Over the past three years, Americans have been continuously lied to by their government about nearly every aspect of the Covid-19 pandemic. From the unscientific lockdowns to the efficacy of natural immunity to the virus, no facet of the outbreak and its subsequent state-oriented response remained safe from manipulation.
In the name of power and control, politicians, bureaucrats, and public “health” officials destroyed the lives of many with their falsehoods. And despite the media calling for Covid “amnesty,” the fallout has left millions of normal Americans wondering: How can we hold these people accountable?
A newly released book may have the answer.
In “Rise of the Fourth Reich: Confronting Covid Fascism with a New Nuremberg Trial, So This Never Happens Again,” Blaze Media commentators Steve Deace and Daniel Horowitz make the case for why America needs new Nuremburg-like trials to ensure the biomedical tyranny inflicted upon the country during the Covid outbreak isn’t used to handle future pandemics. The amount of damage caused by such government policies, they say, is practically impossible to quantify.
“Between the lockdowns, criminalization of human breathing without a Chinese face diaper, denial of lifesaving treatments, and distributing and then mandating what turned out to be shockingly dangerous shots — the physical, social, mental, and economic destruction is too vast to measure,” they write. “It is quite possible modern existence will not fully recover from this tyrannical episode in our lifetimes, if at all, given the unfortunate precedents set.”
Deace and Horowitz lay out an effective argument by creatively structuring the book as an actual court trial. At the outset, they provide an opening statement that includes a wide array of history, logic, and medical data exposing the fallacies — and in some instances, malevolence — of the political and health establishment’s pandemic response. In doing so, the authors provide readers with a solid foundation of knowledge for the “Witness List” segment of the book, which is by far its most important.
Rather than simply recounting press stories about victims of Covid fascism, Deace and Horowitz allow these “witnesses” to “testify” about their experiences with different aspects of the Covid response. It’s an extremely well-executed format that provides readers with firsthand accounts demonstrating the horrific nature of these policies.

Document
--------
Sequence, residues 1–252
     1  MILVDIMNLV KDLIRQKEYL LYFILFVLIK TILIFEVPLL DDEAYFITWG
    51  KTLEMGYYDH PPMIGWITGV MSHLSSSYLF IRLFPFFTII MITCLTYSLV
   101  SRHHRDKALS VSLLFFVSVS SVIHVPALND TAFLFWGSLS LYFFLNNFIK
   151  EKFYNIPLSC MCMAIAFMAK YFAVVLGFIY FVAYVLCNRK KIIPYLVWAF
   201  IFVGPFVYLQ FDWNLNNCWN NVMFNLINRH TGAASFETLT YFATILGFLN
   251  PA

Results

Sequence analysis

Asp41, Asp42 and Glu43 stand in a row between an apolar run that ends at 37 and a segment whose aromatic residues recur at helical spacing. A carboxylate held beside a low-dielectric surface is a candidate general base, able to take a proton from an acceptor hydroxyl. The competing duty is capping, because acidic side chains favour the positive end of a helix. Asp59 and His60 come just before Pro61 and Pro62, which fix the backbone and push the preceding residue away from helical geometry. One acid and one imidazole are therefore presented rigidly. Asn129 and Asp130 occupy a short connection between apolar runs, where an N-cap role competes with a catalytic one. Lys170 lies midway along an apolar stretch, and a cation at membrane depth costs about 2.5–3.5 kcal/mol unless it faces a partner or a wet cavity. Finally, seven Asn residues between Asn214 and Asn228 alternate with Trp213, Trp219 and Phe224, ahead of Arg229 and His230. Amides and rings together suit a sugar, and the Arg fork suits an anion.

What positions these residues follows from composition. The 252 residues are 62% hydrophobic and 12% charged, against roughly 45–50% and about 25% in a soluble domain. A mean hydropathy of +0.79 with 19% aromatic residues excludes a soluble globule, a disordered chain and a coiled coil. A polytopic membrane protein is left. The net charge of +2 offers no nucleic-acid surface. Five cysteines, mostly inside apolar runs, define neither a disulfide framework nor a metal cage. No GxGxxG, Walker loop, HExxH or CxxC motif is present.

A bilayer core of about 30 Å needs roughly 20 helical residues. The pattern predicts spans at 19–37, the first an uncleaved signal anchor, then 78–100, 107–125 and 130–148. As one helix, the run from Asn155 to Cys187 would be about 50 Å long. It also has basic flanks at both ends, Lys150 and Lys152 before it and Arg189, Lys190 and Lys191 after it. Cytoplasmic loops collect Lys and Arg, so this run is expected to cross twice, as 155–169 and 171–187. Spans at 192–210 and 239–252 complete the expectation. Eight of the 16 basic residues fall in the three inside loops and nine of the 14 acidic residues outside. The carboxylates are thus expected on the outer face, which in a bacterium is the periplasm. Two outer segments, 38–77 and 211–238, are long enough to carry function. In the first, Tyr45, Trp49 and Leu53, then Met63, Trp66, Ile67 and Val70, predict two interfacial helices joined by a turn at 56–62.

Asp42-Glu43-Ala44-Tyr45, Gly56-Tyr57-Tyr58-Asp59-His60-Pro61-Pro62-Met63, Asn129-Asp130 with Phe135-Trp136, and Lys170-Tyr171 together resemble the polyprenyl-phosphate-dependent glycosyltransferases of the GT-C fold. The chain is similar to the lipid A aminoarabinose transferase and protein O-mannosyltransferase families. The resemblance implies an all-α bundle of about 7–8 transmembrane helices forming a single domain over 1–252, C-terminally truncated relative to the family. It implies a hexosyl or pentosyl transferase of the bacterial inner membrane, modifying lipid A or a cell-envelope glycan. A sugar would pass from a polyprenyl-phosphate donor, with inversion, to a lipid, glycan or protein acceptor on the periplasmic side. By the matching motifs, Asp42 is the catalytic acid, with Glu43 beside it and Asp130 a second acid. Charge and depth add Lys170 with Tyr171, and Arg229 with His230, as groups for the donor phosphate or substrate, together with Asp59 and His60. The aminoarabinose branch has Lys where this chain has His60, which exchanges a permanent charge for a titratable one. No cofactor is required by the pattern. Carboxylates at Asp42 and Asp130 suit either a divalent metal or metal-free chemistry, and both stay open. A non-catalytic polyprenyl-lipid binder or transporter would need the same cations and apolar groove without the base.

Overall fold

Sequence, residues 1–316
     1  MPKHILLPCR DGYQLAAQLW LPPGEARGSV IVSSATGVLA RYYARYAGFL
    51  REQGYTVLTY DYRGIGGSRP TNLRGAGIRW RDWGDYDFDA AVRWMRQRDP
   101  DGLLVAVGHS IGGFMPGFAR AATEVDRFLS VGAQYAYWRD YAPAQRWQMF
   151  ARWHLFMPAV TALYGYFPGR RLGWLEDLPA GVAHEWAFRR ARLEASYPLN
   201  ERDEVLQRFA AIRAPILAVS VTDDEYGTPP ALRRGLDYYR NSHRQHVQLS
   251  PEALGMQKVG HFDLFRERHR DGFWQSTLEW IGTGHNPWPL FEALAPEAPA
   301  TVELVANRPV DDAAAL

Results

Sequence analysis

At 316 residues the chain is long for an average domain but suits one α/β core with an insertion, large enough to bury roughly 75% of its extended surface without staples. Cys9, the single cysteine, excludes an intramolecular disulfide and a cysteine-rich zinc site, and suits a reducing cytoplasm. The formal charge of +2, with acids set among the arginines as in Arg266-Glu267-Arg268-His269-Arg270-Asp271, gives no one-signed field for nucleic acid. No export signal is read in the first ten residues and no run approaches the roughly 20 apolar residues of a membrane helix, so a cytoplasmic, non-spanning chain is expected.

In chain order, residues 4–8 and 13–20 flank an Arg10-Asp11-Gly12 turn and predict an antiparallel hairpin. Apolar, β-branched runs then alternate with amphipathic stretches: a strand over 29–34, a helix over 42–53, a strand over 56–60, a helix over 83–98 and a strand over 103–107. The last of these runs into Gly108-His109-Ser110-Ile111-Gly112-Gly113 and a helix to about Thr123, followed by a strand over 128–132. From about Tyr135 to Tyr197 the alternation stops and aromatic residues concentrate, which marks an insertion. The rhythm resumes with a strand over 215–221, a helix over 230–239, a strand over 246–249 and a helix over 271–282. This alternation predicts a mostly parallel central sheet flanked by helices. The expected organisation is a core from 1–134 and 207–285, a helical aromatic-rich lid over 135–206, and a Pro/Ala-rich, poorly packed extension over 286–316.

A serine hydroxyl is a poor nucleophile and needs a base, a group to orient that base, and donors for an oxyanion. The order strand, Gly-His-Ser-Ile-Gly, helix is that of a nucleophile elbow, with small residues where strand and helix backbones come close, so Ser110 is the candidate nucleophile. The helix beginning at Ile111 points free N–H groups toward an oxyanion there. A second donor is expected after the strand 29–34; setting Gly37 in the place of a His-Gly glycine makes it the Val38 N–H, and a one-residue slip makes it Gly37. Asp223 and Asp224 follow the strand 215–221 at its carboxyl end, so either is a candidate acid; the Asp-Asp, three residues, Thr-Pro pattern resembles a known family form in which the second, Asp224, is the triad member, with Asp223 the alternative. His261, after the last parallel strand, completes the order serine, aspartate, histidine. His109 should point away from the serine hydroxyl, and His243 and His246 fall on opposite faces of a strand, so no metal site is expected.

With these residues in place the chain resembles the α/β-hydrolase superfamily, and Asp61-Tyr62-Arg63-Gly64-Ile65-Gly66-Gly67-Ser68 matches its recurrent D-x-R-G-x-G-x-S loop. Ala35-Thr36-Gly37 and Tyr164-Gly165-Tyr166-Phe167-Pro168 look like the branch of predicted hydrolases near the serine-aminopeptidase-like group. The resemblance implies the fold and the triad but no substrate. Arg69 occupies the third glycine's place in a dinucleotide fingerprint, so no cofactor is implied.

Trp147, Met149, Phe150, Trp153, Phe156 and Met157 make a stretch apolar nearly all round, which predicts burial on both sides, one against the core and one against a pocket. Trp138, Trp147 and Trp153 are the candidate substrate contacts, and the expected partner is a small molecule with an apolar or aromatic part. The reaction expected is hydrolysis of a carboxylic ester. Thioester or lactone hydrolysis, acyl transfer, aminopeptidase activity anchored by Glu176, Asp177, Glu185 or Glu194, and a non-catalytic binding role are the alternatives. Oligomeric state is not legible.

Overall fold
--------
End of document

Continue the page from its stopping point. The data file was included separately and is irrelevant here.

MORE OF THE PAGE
In one chapter, for example, Anne Quiner recounts dealing with hospital staff after the facility put her Covid-positive husband, Scott, on a ventilator. Rather than meet her requests and try drugs such as ivermectin and glutathione to potentially save her husband, the Minnesota hospital, according to Anne, was seemingly content with allowing him to die on the ventilator.
“Later in December … the doctors pretty much decided based on his stiff fibrous lungs he was going to expire. The doctor requested I sign a ‘Do Not Resuscitate (comfort care)’ order, but I suggested again they try alternatives, such as glutathione, budesonide, and the [Front Line Doctors’] MATH protocol,” Anne said. “The doctor repeatedly said, ‘He’s going to expire!’”
By the time Anne was able to have her husband transferred to a hospital willing to try such medications, his condition had deteriorated significantly, and he tragically died. His doctor “later said that if Scott would have been there a couple weeks earlier, he would have had a better chance of survival,” she added.
After documenting heart-wrenching accounts like this one, Deace and Horowitz end the book by offering a proposition for the American people, calling on the public to level “the guilty verdict” by collectively rising up and demanding their elected officials act to ensure such barbarity never happens again.
“In order to achieve the en masse of elected officials holding Covidstan’s feet to the fire … we must first reach a critical mass among the people demanding justice,” they write. “Rest assured, reaching a guilty verdict in this trial is not a passive transaction. You cannot render your verdict, and then call it a day. Your work is just beginning if you do, for this is what self-government is all about, and self-government always begins with ‘self.’”
Deace and Horowitz’s call for Americans to be the self-governing people our founders envisioned is a notable departure from the overplayed rhetoric of the Republican Party, whose members love to complain about issues but rarely take action to fix them. It’s a powerful message that the only way to achieve accountability within government is for the people to hold themselves and their leaders to account.
“Rise of the Fourth Reich” provides readers with a comprehensive investigation into the failing and insidious Covid policies that have crippled our nation. Filled with extensive data and vivid, personal stories, readers should consider giving this book a read over their spring break.